Been through dozens of stones , and that would be my choice. 220 for repair/re-profiling , 600 to get a good edge , 1000 to refine that edge , and a strop to polish/remove burr.

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    Quote Originally Posted by SimplyMichael View Post
    There is a forum member here who sells stones. I have all sorts but the cheap King combo stones, like 800/4000 are super handy, produce a great mirror polish edge and can be found around $40.
    Yep that's me, currently we have Kings, Naniwas, and Shaptons in our shop. The higher end of all but we can get anything anybody asks for really.

    On the original question I have 200, 400, 800, 1200, 3000, 6000, and 12000 but I probably have a few too many lol. I actually really like the 200/800 combo field use stone I have for getting dings and things out. For a home set on a budget I personally think about 800, 1200 or 2000, 6000 would be a good way to go like Mears says. If you can afford it you could add a fourth to it of a 10000 or 12000 but those aren't cheap. The 12000 I have personally is about $100 shipped from us and we have I think some of the best prices out there.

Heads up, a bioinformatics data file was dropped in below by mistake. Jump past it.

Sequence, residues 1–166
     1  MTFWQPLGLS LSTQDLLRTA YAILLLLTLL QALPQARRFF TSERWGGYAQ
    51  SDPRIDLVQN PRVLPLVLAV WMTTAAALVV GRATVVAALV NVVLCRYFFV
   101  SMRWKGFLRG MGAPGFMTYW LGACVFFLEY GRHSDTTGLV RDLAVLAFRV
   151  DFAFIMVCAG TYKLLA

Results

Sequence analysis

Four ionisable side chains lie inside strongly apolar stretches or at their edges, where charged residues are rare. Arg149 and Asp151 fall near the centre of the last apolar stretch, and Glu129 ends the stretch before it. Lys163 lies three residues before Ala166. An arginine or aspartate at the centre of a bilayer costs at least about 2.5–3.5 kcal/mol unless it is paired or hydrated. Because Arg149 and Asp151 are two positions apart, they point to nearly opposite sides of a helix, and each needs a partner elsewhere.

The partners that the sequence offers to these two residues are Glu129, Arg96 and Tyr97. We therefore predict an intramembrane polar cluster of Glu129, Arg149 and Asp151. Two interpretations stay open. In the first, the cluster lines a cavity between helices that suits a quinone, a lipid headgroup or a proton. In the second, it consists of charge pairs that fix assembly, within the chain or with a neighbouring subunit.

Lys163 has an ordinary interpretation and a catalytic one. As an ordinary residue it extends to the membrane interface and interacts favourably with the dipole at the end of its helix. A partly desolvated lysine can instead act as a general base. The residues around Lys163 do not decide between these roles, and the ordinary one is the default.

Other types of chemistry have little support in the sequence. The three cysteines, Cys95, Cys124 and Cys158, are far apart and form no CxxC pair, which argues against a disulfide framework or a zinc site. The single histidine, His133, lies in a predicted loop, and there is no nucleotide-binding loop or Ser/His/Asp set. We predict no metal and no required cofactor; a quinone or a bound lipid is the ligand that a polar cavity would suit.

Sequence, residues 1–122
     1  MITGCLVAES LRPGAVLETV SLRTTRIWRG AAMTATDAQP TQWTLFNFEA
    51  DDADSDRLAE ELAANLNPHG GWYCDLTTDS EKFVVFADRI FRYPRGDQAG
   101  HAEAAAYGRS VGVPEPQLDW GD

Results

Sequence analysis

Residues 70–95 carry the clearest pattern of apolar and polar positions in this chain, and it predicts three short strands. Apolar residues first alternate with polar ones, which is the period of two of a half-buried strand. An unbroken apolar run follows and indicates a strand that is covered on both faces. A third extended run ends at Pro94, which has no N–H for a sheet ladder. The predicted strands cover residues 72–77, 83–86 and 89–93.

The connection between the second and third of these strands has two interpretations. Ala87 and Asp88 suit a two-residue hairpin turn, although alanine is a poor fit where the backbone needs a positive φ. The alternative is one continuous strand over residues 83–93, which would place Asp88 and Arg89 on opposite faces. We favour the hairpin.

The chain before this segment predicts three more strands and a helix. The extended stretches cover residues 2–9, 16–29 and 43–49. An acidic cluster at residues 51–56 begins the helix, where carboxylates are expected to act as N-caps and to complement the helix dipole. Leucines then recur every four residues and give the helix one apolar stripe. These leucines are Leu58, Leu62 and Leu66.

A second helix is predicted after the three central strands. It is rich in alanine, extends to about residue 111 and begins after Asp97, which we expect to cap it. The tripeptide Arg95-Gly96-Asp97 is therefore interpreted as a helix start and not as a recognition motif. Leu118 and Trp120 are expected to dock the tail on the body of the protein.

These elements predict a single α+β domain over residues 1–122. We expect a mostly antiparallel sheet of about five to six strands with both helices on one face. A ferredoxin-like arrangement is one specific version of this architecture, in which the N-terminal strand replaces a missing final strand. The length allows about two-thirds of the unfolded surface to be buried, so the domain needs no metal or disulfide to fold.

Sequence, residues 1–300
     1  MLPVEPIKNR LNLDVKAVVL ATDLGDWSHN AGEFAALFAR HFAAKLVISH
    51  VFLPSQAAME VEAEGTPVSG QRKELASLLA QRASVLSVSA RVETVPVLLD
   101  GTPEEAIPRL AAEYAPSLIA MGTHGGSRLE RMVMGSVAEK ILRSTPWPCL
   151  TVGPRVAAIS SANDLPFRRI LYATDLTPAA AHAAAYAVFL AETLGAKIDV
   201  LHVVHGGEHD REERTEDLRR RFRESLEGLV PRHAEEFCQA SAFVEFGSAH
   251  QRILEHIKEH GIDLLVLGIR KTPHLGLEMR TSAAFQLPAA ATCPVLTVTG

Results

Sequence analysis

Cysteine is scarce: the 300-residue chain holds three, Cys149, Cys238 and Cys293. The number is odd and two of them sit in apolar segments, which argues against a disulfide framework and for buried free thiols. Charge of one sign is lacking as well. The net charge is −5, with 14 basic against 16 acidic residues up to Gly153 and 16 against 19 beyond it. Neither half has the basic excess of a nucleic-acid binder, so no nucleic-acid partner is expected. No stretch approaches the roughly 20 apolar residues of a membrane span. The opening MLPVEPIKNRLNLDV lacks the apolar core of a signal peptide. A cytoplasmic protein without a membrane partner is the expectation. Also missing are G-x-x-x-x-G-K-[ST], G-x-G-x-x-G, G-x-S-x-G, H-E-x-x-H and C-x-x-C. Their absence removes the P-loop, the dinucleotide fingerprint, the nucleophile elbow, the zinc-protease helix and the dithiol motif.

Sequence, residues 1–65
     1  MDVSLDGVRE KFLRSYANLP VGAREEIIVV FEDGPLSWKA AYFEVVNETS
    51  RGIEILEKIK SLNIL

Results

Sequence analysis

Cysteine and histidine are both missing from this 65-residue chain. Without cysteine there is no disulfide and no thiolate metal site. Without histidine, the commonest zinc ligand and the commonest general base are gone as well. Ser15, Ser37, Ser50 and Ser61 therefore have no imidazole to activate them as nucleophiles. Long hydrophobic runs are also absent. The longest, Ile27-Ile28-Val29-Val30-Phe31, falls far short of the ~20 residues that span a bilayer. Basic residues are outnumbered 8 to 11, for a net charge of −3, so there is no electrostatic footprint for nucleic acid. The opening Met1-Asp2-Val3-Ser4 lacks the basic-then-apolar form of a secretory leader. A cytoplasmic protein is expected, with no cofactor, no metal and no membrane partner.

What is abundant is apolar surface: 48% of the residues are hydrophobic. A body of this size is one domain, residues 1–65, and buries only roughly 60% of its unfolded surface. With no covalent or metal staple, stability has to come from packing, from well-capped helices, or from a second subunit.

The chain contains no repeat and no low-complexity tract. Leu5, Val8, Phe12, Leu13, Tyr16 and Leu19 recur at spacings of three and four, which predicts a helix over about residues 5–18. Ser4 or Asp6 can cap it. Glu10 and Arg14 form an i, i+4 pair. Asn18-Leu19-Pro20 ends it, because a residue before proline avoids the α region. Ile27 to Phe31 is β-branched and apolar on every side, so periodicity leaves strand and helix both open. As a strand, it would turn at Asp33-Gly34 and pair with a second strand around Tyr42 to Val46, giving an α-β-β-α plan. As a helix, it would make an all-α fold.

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    I have taught sharpening classes in the past, and what I usually recommend is that people start out with a 1k and 6k waterstone. specifically, I like the red brick 1k from Imanishi http://www.chefknivestogo.com/shak1gr1.html, or the king 1000 http://www.cellison.net/other/water-...luxe-1000.html, and the big 6k from king http://www.cellison.net/other/water-...-s-1-6000.html, and you will really need a system to flatten it, the easiest imo is a coarse or extra coarse diamond stone http://www.chefknivestogo.com/dmtextracoarse.html, which can also be used for serious re profiling, you can also use a plate of glass and abrasive grit or sandpaper if you are on a budget to flatten. And yes, make or buy a strop, it is definitely worth it. It can be as simple as a planed and sanded maple board with compound, woks great and is very inexpensive, here is some good compound http://www.chefknivestogo.com/choxd4oz.html i have also heard good things about bard river's compound, and lee valley i have used and like.